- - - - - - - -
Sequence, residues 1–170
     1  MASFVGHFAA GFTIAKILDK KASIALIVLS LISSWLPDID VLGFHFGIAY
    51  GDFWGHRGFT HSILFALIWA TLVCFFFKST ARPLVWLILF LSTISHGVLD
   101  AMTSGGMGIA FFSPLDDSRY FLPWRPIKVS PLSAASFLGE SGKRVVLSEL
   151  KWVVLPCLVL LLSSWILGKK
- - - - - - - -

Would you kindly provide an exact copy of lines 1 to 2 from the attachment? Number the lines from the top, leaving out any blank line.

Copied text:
Sequence, residues 1–170
     1  MASFVGHFAA GFTIAKILDK KASIALIVLS LISSWLPDID VLGFHFGIAY